- 6 Jun 2019 12:11 PM
Palatial Art Nouveau Rooms
King and double queen accommodations, as well as connecting rooms, are available, and premium room guests can also enjoy the convenience of the Club Lounge.
The palatial Art Nouveau rooms are inspired by the fusion of gothic, Moorish and Oriental styles, as well as the enchanted history of the famous building, to guarantee an extraordinary stay.
All rooms feature individual temperature control units, Wi-Fi Internet access, laptop sized in-room safes, LCD TV with satellite channels, minibar, Nespresso coffee machine, built-in USB ports and separate work areas.
All bathrooms offer rain shower, luxury bathrobe and slippers, hairdryer and upscale amenities.
Delightful Dining @ Párisi Passage Café & Brasserie
The Café serves Hungarian delicacies and premium coffees during the day, in the unmatched atmosphere of the Passage of the magnificent building.
The impeccably designed place evolves from a vibrant café during the day into a buzzing bar serving handcrafted cocktails late into the evening.
The Brasserie offers a stylish dining experience for hotel guests and locals alike. It boasts an open kitchen serving international cuisine and the best local and international wines - in a classic, yet cosmopolitan dining area.
Meetings & Events @ Párisi Udvar Hotel
This special hotel offers more than 300 m2 of meeting & events space divided in 4 distinctive and multifunctional meeting rooms and salons that are ideal for upscale events and special occasions, accommodating up to 160 guests at the same time on two floors.
Unwind At Zafír Spa & Enjoy Recreational Facilities
Leisure and wellness features include the carefully appointed Zafír Spa and a high-tech fitness room, allowing guests to unwind and immerse themselves in a stress-free environment.
Highly trained therapists can rejuvenate your body and soul with bespoke treatments and a wide variety of beauty services.
Visit Párisi Udvar Hotel Budapest online
1052 Budapest, Petőfi Sándor u. 2-4.
About This Remarkable Hotel’s History
One of Budapest's most exclusive and iconic buildings was located on one of the city’s richest pieces of property: on the corner of today’s Ferenciek Tere (Square of Ferenciek) and Petéfi Sandor Street.
Back then, the square was called Kigyó Square, and the street was named Koronaherceg Street.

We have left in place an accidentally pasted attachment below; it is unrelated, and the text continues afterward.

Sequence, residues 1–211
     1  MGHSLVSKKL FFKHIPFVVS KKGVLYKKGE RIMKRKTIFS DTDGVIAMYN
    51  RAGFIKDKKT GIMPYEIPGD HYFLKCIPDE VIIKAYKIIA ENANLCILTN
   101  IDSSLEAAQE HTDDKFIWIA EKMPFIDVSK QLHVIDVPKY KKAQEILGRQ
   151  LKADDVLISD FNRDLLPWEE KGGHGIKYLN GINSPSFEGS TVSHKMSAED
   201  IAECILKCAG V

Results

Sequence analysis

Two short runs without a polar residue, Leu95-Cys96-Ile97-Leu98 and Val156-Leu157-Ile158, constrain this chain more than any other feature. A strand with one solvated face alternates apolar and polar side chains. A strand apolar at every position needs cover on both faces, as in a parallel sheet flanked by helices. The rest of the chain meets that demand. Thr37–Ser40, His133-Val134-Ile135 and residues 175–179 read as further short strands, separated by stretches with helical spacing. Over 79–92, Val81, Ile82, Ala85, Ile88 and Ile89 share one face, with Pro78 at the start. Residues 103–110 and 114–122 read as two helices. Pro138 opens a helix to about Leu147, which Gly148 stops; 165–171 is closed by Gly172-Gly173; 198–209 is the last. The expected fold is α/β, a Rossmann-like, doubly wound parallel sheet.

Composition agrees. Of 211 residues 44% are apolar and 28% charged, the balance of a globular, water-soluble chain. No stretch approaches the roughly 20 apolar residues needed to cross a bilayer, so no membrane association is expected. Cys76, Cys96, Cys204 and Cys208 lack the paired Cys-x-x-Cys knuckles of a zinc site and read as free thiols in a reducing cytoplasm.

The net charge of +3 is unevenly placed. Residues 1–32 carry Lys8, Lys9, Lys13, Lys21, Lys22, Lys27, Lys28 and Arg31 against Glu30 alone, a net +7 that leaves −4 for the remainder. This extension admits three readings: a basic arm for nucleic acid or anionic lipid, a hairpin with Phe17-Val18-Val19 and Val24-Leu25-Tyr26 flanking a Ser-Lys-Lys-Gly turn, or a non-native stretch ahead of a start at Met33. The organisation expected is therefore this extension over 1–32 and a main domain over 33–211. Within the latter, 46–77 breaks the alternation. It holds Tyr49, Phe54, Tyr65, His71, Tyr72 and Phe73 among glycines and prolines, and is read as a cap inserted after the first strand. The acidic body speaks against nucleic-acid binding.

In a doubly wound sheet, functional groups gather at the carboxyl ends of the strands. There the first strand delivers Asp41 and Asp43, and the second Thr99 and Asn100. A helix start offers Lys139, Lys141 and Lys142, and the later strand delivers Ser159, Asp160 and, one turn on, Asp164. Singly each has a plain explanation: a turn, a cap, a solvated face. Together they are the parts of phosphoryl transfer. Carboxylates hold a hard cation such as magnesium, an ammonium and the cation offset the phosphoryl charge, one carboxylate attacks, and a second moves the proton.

The onetime building was designed for Baron Jozsef Brudern by Mihay Pollack, architect of the Hungarian National Museum. When they finished construction in 1817, people started to call the building Parisi Udvar (Parisi Court) or Parisi-House.
Baron Jozsef Brudern was living on the second floor, while altogether 32 shops (16 on each side) were located on the first floor. The shops were some of the most elegant and luxurious in ancient Budapest.
It was believed that the breathtakingly attractive building was designed by Pol- lack as a mock-up of the Parisian “Passage des Panoramas”, which is where it got its name.
Parisi Udvar was one of the first buildings to have a passage inside, featuring several kinds of shops. The building was not only famous for its stores, but also its owner:
“József Brudern was one of the most handsome men in the country. He traveled abroad a lot, [...] and lived in Pest as a central figure of the capital’s social life. He held daily get-together lunches in his house.
Being in his company, everyone was at ease, conversations were rather infor- mal and enjoyable,” remembered Ferenc Pulszky, a former director of the Hungarian National Museum, who himself visited the Brudern-House when he was young.
In 1893, due to the renovation of Erzsébet Bridge, the circumstances of the local properties changed and new palaces were constructed in the place of old dwellings. Belvárosi Takarékpénztár (Central Savings Bank) bought the Parisi- House in 1906, and one year later in 1907 they invited applications to design a new palace to replace the existing one.
According to the tender description, “apart from locating the necessary rooms for the institution, the building should be filled with shops on the ground floor and apartments on the first and second floors that can accommodate 3-6 people with absolute comfort.”
The Central Savings Bank entrusted Henrik Schmahl with the design of the Parisi Udvar. Schmahl’s con- cept was approved in 1909, and the reconstruction started that year during summer.
The construction was nearly finished in 1912, but unfortunately Schmahl did not see his dream come true: he had passed away in Dresda few months prior to the completion of the building due to serious complications from an earlier surgery. After his death, Pal Liptak finished the project based on Schmahl’s concept.
During the Second World War, when Germany occupied Budapest in 1944-45, the eclectic building, with ornamentally huge adornments and Art Nouveau and Eastern-style attributes, was brutally damaged, especially the Central Savings Bank's huge treasury.
During the renovation of the 1950s, the Central Saving Bank’s Art Nouveau styled interior gave way to modern, and simpler interior de- sign solutions and the old banking places were replaced by IBUSZ and Jégbüfé, two of the most traditional Hungarian companies.
IBUSZ is a globally renowned Hungarian travel agency, established in 1902, while Jégbüfé is a conventional confectionery and a considerable participant in the market since 1952.
Now, in 2019, the building emerges in its third incarnation as the luxury hotel Parisi Udvar.
The elegant bedrooms are designed and inspired by many aspects of Budapest's culture: from the architecture with its mixed geometry and distinct green Zsolnay tiles, through the majestic Danube flowing nearby, to the avant-garde spirit of the Hungarian artists of 1900s Paris, many authentic styles exist in the hotel’s interior.